Album Review: Childhood – Universal High

By on Friday, 25th August 2017 at 12:00 pm

Childhood Universal High album coverThe cool, sweet, soothing sounds of Childhood are back with us. From the ethereal sounding get-go of opener ‘AMD’, you know ‘Universal High’ is going to hold more than you’ve ever expected from Childhood. While it still has the cool, calm and collected sound of their debut ‘Lacuna’, there’s also a clear evolution to the sound that finds sturdier ground. That is, as if they’ve been doing this for decades rather than 7 years.

Take ‘California Light’, for instance. The second track on the album is all kinds of wonderful. One of their strongest songs to date and it’s already a fan favourite, just look at the Spotify numbers. Six digits for a band that in reality aren’t of that stature, yet. It’s got everything from the foot tapping, gently swaying introduction to the rousing chorus that puts you right in, well, the California light.

While follow-up track ‘Cameo’ doesn’t hit with the same punch, something that’s none too surprising given the weight that ‘California’ holds, it still has a groove that’s undeniably addictive. The crunching bass that moves everything along is joined perfectly by synthesisers and singer Ben Romans-Hopcraft’s voice that perfectly hits every high and low it needs to with such little effort, you wonder if he’s actually of this world.

‘Too Old for My Tears’ retains little of the factors that got us here, instead opting to go for a more rocky feel. A more confident and strutting drum line kicks things up a notch from the more relaxed grooves before, but of course they return to their mellow vibe from before‘Melody Says’ still lets you hold close that relaxed vibe, but this song has a much more experimental, indie-pop vibe. Up to this point in the album, ‘Universal High’ is a bit here, there and everywhere, not completely falling flat, though it’s quite hard to keep the momentum when one of the strongest tracks Childhood have ever written is only second on the album. Still, all good so far.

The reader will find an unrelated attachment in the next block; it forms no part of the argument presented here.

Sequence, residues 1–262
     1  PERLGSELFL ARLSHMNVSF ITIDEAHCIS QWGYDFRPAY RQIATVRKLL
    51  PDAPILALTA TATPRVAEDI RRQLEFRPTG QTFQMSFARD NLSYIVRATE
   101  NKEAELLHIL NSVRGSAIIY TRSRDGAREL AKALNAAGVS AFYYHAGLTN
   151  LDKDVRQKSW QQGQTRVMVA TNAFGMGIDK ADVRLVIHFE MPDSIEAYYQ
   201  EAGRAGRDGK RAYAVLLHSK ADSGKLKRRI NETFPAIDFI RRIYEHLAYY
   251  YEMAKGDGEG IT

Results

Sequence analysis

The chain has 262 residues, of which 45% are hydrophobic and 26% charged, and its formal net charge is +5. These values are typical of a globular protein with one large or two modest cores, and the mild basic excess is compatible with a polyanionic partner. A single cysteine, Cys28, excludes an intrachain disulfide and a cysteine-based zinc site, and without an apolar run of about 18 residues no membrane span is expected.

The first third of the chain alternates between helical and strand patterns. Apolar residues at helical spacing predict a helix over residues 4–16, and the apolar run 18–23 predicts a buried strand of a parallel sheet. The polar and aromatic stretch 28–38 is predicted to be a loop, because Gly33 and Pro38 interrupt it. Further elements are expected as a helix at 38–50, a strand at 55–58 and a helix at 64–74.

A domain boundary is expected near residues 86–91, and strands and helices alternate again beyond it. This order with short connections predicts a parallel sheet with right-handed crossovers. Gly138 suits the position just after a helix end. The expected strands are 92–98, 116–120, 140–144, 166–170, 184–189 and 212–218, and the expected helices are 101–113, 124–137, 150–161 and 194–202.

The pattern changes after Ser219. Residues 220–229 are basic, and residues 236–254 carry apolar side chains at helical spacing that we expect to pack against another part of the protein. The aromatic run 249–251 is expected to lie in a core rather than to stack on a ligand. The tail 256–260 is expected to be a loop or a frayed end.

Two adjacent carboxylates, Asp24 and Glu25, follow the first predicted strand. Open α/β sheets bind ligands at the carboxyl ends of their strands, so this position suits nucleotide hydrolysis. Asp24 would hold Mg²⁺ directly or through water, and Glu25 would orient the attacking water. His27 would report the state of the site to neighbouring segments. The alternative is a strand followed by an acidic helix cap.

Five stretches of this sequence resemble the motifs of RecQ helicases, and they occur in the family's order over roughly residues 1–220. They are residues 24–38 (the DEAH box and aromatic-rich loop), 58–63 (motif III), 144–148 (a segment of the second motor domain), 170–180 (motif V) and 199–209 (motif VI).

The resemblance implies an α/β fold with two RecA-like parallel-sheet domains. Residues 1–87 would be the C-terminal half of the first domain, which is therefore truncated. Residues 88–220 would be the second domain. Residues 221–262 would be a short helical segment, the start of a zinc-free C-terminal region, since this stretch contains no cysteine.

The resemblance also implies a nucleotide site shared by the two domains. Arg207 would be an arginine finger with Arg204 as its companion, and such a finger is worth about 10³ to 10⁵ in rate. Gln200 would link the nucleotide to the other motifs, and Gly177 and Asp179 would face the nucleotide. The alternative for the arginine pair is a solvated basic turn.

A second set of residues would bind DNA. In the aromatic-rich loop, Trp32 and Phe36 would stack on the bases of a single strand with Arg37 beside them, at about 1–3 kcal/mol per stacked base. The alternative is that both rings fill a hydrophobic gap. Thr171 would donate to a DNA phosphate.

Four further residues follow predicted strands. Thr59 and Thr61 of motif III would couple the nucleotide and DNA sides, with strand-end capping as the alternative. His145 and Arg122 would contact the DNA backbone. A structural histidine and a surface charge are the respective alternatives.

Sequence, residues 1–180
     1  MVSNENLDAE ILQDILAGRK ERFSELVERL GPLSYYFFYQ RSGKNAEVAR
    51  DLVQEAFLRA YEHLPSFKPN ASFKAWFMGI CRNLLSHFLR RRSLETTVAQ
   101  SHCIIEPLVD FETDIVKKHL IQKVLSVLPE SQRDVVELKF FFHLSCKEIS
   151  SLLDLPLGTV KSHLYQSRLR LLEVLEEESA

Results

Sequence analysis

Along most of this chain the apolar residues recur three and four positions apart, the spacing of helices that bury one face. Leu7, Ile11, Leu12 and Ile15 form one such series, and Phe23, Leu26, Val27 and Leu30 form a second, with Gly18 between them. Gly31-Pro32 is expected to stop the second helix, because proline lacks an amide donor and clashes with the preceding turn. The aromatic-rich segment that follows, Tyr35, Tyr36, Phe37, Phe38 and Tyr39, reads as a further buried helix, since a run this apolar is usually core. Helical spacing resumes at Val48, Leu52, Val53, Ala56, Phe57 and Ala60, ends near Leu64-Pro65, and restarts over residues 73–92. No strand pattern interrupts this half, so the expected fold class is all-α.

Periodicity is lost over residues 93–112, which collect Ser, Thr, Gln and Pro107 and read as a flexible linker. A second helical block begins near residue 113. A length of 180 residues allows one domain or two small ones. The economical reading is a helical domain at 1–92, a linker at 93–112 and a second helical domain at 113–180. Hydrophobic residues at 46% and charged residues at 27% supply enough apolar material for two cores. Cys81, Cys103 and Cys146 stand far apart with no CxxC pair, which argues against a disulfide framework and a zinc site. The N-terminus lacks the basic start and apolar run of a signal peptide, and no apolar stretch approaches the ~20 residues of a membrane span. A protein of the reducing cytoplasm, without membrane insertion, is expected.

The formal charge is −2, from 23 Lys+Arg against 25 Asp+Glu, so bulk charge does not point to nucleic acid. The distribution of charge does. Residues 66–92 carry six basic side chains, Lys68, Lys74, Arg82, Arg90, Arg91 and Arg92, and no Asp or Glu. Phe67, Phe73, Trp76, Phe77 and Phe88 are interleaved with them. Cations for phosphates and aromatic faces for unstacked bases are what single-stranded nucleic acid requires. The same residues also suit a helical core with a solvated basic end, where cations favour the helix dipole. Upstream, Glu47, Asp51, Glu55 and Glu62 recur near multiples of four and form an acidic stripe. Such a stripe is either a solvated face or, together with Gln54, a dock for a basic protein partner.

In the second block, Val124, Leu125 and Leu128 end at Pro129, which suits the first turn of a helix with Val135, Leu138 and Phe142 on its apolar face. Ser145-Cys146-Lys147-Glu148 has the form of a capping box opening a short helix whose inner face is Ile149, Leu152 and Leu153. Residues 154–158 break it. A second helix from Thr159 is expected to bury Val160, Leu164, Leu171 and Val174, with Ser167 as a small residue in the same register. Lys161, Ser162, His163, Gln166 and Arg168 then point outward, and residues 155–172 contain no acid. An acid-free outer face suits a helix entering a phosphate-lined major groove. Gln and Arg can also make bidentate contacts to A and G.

The titular track heads back to where we began on the album, which is sorely needed. Beautiful melodies, striking choruses and sweet musical sounds are where Childhood flourish. ‘Understanding’ mixes both the traditional and more experimental side of Childhood, which wanes slightly, forcing a happy feeling rather than letting it flow naturally. A similar idea comes along in ‘Don’t Have Me Back’, another faster tempo number, though it’s the use of horns here that save it. Being more upfront, barging through the ensemble rather than being a reserved companion, gives the track a little fire.

‘Nothing Ever Seems Right’ is yet another wandering song, picking up pace occasionally during the chorus where the vocals become an entity of their own, along with the chorus. Feeling like a different song entirely, the chorus is the saviour of the track – the hook in the chorus is where Childhood really know what they’re doing. Getting to that point can sometimes be a struggle, but once you’re there the payoff is more than worth it.

Finale ‘Monitor’, with its harshly picked bass and dream like vocals, is a summary of everything before it. It’s a little bit of the experimental side, with a big chunk of the soothing melodies and a whole lot of soul. The only trouble with both ‘Monitor’ and 4/5ths of ‘Universal High’ is that Childhood simply struggle to match the impact of ‘California Light’. Having a song as strong as that is a blessing for any band. The only downside is, you have to try and at least somewhat match it consistently throughout the length of a record. Still, one hell of a second album, though.


‘Universal High’, the sophomore album from Childhood, is out now on Marathon Artists. The band don’t have too many live appearances left this year; for a list, visit their official Web site.

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